Adding even further to the game is the physics engine. Practically everything in the environments can be moved in a realistic way. Pick something up and throw it and it will fly through the air and fall to the ground in the same way the corresponding object actually would. The physics in Half-Life 2 still stand up amongst the best even today. What the game excels at is making them an important part of the gameplay, by introducing the gravity gun (or the Zero-Point Energy Manipulator if you want to get technical about it.) Primary fire punches objects out of the way, (particularly useful whenever those annoying headcrabs turn up) while secondary fire actually picks the object up and allows you to throw it at high speed. It might sound like a gimmick, but after you’ve got it you’ll find yourself using it all the time, sometimes even when you don’t even need to. Shotgunning zombies might be fun, but slicing them in half by throwing buzzsaw blades at them is even better. It creates a different feel to the game than the standard FPS when instead of just using the machine gun, you can wrench a radiator off the wall and throw it at the head of a Combine soldier, or grab a table and use it as a shield. The gravity gun is one of the most interesting weapons created for an FPS game, and genuinely improves the whole experience.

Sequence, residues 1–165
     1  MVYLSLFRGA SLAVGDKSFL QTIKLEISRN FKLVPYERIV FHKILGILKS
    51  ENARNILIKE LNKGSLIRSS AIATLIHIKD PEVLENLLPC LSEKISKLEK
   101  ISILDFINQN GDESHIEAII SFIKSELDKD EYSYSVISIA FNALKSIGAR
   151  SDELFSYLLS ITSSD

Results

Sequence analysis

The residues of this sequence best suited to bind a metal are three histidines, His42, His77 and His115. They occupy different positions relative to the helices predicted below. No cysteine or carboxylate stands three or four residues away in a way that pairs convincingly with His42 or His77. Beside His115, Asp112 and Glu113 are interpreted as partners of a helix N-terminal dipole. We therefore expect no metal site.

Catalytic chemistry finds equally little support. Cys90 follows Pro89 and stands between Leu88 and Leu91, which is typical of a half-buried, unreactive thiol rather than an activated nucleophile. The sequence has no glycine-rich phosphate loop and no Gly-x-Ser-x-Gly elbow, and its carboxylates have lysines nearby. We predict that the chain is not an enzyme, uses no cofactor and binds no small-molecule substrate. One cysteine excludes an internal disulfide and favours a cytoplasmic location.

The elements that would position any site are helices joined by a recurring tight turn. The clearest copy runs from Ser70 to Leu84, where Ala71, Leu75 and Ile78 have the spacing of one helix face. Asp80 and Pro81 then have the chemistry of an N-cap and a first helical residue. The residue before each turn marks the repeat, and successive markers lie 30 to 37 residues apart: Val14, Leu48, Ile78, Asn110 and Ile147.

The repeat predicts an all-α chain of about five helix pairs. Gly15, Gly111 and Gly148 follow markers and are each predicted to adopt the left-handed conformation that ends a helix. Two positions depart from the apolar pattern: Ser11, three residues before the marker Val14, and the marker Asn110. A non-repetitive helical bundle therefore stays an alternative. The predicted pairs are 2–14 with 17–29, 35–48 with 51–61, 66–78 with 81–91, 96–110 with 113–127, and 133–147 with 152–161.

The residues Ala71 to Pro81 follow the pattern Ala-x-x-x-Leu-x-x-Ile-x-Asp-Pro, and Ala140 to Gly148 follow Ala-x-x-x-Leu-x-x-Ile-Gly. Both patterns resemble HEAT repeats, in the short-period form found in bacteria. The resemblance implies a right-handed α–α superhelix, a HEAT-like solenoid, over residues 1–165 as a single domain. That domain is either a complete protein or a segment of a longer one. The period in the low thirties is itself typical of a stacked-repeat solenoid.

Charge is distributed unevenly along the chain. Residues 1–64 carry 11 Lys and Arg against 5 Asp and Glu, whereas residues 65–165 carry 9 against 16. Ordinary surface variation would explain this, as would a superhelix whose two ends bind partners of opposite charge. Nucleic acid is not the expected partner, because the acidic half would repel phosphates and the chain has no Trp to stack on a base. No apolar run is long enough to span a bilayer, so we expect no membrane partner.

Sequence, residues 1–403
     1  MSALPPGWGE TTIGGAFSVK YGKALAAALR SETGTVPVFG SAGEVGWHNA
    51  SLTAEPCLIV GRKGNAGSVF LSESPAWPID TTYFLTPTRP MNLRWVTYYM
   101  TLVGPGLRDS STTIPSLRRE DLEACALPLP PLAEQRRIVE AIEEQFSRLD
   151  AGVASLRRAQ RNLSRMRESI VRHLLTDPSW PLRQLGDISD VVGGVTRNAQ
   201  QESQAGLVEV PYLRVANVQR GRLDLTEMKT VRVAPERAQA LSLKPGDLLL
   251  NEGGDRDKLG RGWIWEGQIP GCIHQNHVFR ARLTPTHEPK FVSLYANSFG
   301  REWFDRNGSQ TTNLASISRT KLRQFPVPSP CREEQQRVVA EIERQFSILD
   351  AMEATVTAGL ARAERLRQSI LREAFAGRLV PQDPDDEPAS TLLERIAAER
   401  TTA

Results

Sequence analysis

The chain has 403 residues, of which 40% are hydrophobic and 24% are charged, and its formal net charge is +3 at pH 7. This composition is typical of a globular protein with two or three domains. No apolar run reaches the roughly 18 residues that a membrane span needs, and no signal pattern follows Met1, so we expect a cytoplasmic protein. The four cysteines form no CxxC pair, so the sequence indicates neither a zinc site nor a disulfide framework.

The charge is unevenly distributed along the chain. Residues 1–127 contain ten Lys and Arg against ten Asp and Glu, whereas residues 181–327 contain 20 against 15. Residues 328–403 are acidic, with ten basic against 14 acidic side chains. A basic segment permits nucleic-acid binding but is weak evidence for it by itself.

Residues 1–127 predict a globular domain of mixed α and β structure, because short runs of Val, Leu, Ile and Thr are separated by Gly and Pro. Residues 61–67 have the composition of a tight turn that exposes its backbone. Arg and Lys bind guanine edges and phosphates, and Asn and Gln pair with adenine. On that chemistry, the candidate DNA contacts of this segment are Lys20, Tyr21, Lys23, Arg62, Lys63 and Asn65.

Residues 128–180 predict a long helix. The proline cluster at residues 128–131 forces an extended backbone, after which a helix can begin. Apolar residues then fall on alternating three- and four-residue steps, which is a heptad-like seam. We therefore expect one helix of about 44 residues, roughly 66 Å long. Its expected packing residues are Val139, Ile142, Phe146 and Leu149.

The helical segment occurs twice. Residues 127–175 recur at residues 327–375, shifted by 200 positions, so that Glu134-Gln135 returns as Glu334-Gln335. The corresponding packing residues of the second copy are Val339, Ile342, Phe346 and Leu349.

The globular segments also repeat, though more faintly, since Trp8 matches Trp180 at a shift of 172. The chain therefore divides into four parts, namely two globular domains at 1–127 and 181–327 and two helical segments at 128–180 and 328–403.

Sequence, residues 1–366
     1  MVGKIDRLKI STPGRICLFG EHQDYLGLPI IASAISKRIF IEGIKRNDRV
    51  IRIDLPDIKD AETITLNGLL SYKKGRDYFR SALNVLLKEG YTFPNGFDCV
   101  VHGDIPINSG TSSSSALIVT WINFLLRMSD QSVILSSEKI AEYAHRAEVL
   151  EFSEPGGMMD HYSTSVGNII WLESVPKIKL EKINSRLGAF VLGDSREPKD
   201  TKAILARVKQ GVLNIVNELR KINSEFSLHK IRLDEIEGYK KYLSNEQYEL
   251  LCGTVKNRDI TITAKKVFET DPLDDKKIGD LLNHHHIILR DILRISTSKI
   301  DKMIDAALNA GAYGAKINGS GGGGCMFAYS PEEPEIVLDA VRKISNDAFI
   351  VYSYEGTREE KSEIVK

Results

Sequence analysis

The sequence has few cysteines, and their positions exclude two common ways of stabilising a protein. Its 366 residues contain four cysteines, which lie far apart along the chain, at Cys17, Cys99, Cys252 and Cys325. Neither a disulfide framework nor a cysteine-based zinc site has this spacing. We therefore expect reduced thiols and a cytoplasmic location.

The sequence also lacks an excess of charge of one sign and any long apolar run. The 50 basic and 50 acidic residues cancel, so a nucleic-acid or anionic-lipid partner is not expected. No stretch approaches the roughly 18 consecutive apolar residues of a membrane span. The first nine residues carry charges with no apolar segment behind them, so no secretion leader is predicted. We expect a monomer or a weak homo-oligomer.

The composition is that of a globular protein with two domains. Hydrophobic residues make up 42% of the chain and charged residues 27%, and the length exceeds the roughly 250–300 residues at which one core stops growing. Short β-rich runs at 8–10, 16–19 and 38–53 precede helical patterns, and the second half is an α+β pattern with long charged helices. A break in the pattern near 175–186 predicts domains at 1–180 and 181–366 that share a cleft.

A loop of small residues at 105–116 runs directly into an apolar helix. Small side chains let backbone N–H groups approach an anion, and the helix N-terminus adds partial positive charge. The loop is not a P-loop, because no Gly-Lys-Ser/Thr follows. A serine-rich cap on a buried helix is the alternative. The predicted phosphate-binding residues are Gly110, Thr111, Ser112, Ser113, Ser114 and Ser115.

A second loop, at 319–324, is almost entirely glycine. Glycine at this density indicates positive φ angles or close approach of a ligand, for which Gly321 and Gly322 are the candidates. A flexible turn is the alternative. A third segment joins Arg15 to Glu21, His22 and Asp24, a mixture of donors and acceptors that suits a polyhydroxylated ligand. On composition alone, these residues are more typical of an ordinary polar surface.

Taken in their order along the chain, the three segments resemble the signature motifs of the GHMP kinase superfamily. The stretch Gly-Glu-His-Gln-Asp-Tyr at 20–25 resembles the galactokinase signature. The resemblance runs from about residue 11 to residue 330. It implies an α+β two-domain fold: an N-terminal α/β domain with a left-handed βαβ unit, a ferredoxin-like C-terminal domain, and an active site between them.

Graphics and physics would only be technical achievements if they were utilised for a poorly designed game. Fortunately, as can be expected from Valve, the level design is fantastic. It’s clear that they spent a lot of time perfecting everything; there doesn’t seem to be a bug in sight (except the swarms of Antlions in some sections) and absolutely everything seems to be placed to maximise the enjoyment. Also advancing on what the original Half-Life did is the storytelling. Again, everything is kept in the first-person perspective, but now, a greater focus is placed on actual characters, who are so well created that you can become attached to them despite their relatively low number of appearances considering the length of the game. The storyline takes place in a well realised Orwellian dystopia, and while it doesn’t have the most complex plot in gaming, it draws you into the game world and gets you involved.